In scene reminiscent of Steve Jobs’ dismissal from Apple at the behest of John Sculley, Brendan Eich lost his job as CEO of the Mozilla Corporation a few weeks ago over a political donation made roughly six years prior in support of California’s Proposition 8. A bill that sought to ban gay marriage in the state, it’s easy to see why Eich took such flack for that move in today’s hyper-sensitive political landscape permeated by the rantings of faux-political activists. Although a federal court ultimately struck it down as unconstitutional, the fact that his donation ultimately had no lasting effect mattered not to nearly everyone that weighed in on the controversy, and least of all to Sam Yagan. CEO of OkCupid, Sam Yagan played a key role in Eich’s ultimate impeachment by acting as one of Eich’s loudest opponents.
Then, as if taken directly from a comedic sketch, in a fantastically ironic turn of events last week, it came to light that Sam Yagan did the same thing a decade ago: in 2004, Yagan made a $500 donation in support of Congressman Chris Cannon despite his reputation for acting in direct opposition of anything to do with homosexuals. In fact, I would make the case that Yagan’s donation was actually more damaging than Eich’s given that whereas Proposition 8 had a single, explicit purpose, politicians can lobby for any cause they set their minds to. What’s more, whereas the judicial system can rule ballot initiatives unconstitutional, the process is much less clear-cut when it comes to the whims of politicians. Nevertheless, more than a week after that information surfaced, nothing has changed: Eich remains jobless, Yagan remains OkCupid’s CEO, and this entire debacle has nearly faded from the public’s eye.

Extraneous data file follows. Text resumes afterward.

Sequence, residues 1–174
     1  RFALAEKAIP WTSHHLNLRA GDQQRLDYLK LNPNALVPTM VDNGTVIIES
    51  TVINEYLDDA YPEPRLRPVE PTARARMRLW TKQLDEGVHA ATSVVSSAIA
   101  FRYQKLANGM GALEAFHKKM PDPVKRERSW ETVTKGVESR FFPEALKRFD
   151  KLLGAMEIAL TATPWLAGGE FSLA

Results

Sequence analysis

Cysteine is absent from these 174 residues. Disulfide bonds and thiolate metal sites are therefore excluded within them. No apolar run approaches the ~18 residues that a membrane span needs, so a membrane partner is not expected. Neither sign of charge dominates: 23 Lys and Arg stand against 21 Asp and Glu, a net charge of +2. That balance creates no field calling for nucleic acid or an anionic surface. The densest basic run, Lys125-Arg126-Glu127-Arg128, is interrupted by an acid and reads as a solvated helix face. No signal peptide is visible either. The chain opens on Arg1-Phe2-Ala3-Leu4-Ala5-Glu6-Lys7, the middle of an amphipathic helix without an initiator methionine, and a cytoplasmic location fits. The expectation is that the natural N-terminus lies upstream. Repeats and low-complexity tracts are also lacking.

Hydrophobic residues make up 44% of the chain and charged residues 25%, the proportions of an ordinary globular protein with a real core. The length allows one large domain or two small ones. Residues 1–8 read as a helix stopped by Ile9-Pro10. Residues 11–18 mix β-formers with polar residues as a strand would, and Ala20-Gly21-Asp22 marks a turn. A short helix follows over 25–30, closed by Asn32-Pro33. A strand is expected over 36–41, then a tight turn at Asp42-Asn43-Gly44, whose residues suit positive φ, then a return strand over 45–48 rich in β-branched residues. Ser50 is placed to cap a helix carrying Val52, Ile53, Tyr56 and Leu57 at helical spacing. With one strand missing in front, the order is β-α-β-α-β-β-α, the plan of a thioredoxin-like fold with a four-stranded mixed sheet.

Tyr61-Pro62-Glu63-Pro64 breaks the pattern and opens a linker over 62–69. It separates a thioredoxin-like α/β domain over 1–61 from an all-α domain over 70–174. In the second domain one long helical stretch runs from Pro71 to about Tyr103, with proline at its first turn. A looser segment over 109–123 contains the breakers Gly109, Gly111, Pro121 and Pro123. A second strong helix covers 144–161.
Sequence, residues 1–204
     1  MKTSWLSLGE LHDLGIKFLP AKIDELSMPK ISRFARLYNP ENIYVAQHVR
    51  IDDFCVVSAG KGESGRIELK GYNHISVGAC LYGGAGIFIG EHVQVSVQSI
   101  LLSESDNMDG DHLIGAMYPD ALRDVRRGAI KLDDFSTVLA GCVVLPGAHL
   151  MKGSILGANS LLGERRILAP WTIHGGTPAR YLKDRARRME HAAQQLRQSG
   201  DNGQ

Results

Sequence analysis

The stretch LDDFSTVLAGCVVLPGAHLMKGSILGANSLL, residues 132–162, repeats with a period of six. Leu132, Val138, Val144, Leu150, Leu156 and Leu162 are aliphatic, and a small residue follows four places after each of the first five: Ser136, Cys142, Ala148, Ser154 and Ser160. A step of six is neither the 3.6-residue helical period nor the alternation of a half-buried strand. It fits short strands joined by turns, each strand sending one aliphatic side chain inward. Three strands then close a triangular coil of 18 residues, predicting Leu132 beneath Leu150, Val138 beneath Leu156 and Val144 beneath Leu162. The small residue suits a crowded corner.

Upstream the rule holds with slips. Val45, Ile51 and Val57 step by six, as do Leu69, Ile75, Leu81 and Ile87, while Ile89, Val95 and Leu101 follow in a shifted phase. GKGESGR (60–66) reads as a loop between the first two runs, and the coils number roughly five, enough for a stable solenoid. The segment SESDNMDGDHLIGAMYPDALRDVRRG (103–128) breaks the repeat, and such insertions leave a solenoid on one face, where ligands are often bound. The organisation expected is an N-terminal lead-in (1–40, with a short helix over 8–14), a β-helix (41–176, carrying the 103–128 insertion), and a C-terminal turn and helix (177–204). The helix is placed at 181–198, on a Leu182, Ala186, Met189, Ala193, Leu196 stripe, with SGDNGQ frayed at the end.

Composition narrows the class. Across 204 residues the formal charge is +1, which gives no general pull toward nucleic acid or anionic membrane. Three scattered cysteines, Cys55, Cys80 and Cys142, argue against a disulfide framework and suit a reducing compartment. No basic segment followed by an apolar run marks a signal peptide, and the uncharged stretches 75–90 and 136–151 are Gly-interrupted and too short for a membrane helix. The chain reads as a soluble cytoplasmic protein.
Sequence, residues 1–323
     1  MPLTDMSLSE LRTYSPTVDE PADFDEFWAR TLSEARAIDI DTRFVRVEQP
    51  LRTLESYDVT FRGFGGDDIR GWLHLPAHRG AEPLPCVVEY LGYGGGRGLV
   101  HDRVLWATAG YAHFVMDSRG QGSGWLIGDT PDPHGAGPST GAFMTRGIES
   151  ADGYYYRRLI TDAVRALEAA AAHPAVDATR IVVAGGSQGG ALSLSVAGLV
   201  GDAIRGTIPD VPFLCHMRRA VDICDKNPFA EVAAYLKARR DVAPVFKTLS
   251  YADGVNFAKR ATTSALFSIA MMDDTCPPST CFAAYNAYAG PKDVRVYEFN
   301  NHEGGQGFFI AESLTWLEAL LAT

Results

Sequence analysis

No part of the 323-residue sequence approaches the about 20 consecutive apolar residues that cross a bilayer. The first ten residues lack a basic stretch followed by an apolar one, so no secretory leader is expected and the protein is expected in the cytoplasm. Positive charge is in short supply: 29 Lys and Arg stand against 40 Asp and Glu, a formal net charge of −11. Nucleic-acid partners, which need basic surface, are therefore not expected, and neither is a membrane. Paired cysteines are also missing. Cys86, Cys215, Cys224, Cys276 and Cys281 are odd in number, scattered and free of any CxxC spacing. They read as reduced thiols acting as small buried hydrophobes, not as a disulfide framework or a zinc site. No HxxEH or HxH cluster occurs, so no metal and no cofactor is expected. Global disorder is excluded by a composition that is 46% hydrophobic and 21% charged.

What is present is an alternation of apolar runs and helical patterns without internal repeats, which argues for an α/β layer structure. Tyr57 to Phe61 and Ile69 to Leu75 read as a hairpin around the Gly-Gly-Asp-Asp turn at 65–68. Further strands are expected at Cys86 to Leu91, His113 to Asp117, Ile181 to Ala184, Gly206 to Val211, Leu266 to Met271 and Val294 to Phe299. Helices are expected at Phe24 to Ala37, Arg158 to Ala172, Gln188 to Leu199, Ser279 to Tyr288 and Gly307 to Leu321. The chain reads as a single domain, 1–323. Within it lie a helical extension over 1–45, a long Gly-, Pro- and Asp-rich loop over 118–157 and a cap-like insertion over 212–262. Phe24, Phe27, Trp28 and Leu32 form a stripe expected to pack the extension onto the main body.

In a lengthy Twitter exchange after I published my take on the news of Yagan’s hypocrisy that sort of went in circles until Linus Edwards brought me back on track some six hours later, I attempted to explain why I feel Sam Yagan ought to lose his job just as Brendan Eich did. In an effort at introducing some clarity to a conversation that otherwise had little, let me briefly explain myself once again: I care little for what Eich did six years ago, and just as little for what Yagan did a decade back. Further, I do not agree with the argument that we ought to hold these individuals accountable in a professional capacity for the choices they made in a personal one. Thus, regardless of what cause Eich lobbied for and donated to, so long as that does not influence his innate ability to lead, I do not believe anyone should have the right to lobby for his dismissal, and the same goes for Yagan; however, Yagan does not believe in the same principles I do. Instead, he believes in holding others accountable for their actions made years prior; he believes in public shaming; and be believes in advocating for others’ removal from their jobs based on a combination of the two. In calling for Yagan’s dismissal, I merely ask that the same standard he so vociferously put forth prior to Eich’s resignation be applied to himself as well. He believed in this methodology to such an extent so as to cost a man his career; why not judge himself by the same metric? Yet he has not, and to me, that double standard is completely unacceptable.
Not surprising in the least, but nevertheless completely unacceptable.